In a breakthrough for the country’s most expensive public infrastructure project, California’s bullet train finally appears to have the money and the legal approval to complete its first leg. What remains a challenge is how to link that initial 171-mile route through the state’s Central Valley agricultural heartland to population centers in Los Angeles, San Francisco and San Jose—and how its designers will overcome California’s mountainous terrain and seismic risks.
State legislators agreed last month to release $4.2 billion earmarked for the train’s first phase, between midsize cities Bakersfield, Fresno and Merced. The project may also benefit from more than $2 billion of federal Bipartisan Infrastructure Law funds set aside for passenger rail. Extending service to the San Francisco Bay Area and Los Angeles would boost the amount of track to 500 miles and the train’s total price tag to as much as $105 billion. That’s far above an initial estimate of about $40 billion when California voters approved a $10 billion bond measure to help build it in 2008.
“It’s not an easy task to build a system like this,” said Brian Kelly, CEO of the California High-Speed Rail Authority. “It’s a tough slog, but it’s one worth doing.”
Four years ago, the state tapped Kelly, a veteran transportation official, to get matters back on track after early management blunders threatened public support. Legal challenges and securing all the land needed to build even the first, relatively flat phase were also priorities. Today, 119 miles of concrete, bridgelike viaducts and other structures on which electric trains will someday run at over 200 mph are being built—bringing temporary headaches to downtown Fresno—with new work poised to begin on the remaining 52 miles that are now funded. Critically, Kelly and his team have also secured more than 90% of the land needed to keep construction on track.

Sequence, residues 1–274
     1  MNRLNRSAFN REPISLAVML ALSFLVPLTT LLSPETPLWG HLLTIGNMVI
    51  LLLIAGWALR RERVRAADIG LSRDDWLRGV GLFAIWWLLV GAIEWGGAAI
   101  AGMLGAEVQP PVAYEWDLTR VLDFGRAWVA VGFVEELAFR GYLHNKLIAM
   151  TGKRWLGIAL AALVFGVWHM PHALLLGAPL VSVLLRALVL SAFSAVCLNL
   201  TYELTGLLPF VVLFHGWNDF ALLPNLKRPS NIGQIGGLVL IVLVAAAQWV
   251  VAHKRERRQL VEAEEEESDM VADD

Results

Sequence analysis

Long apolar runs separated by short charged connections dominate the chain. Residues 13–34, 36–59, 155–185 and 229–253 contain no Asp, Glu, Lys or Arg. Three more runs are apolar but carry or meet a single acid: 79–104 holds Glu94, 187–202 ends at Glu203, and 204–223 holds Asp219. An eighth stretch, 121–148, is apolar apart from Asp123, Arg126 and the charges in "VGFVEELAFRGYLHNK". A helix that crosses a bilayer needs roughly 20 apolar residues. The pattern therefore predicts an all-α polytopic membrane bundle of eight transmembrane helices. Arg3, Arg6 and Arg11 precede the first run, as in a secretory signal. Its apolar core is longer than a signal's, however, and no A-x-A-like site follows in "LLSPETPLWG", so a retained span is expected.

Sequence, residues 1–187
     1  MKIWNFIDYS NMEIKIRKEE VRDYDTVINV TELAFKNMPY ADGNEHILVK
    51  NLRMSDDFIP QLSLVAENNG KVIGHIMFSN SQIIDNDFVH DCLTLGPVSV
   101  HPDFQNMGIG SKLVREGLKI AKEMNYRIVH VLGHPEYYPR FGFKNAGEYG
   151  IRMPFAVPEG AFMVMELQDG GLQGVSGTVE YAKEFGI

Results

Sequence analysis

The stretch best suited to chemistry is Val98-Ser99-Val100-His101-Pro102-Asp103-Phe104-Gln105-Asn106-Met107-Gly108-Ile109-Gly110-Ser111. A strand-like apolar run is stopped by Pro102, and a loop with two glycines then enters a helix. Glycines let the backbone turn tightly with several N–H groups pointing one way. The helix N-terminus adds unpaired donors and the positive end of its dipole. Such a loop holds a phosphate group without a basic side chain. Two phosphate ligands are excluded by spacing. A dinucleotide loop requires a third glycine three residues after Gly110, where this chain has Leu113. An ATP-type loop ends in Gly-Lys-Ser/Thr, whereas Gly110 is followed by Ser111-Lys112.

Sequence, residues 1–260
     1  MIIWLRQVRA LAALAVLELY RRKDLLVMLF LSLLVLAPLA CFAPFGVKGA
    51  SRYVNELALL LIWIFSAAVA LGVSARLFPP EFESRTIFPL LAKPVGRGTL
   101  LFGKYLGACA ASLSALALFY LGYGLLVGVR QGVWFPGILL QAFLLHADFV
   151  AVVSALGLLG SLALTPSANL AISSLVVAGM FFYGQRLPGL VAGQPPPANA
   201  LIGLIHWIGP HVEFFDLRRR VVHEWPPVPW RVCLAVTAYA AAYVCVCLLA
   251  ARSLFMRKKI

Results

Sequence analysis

The project “is alive and well and creating employment opportunities for thousands of workers who are engaged in the most innovative and transformative project our nation has seen in almost 75 years,” said Karen Philbrick, executive director of San Jose State University’s Mineta Transportation Institute. “The legislative support to advance an electrified HSR segment between Merced and Bakersfield is incredibly meaningful.”
Where Philbrick sees opportunity, critics see a boondoggle. “This is an enormous waste of money,” said Oakland-based attorney Stu Flashman, who sued to block funding for the train’s first phase, arguing it violated the state’s constitution. “My clients don’t feel it’s ever going to result in a viable high-speed rail line.”
It’s “the most transformative project our nation has seen in almost 75 years.”
– Executive Director Karen Philbrick, Mineta Transportation Institute
California’s Court of Appeals ruled against Flashman late last year, allowing construction to continue. That victory and recent funding developments give the train a degree of stability for the time being.
It’s a big shift from a few years ago when then President Donald Trump withheld $929 million of federal funds awarded years earlier and threatened to claw back $2.5 billion doled out by the Obama Administration. Longtime train commuter President Joe Biden restored those funds in 2021 and wants more bullet-train projects, both for the jobs they’ll generate and to help cut climate-warming emissions from cars.
The California project, which estimates travel time between San Francisco and Los Angeles will be less than three hours, also receives about $1 billion annually from the state’s Cap and Trade program, a de facto carbon tax on major emitters of greenhouse gasses. While the Build Back Better infrastructure money was never approved, there’s a pool of other new federal money California can tap for future needs.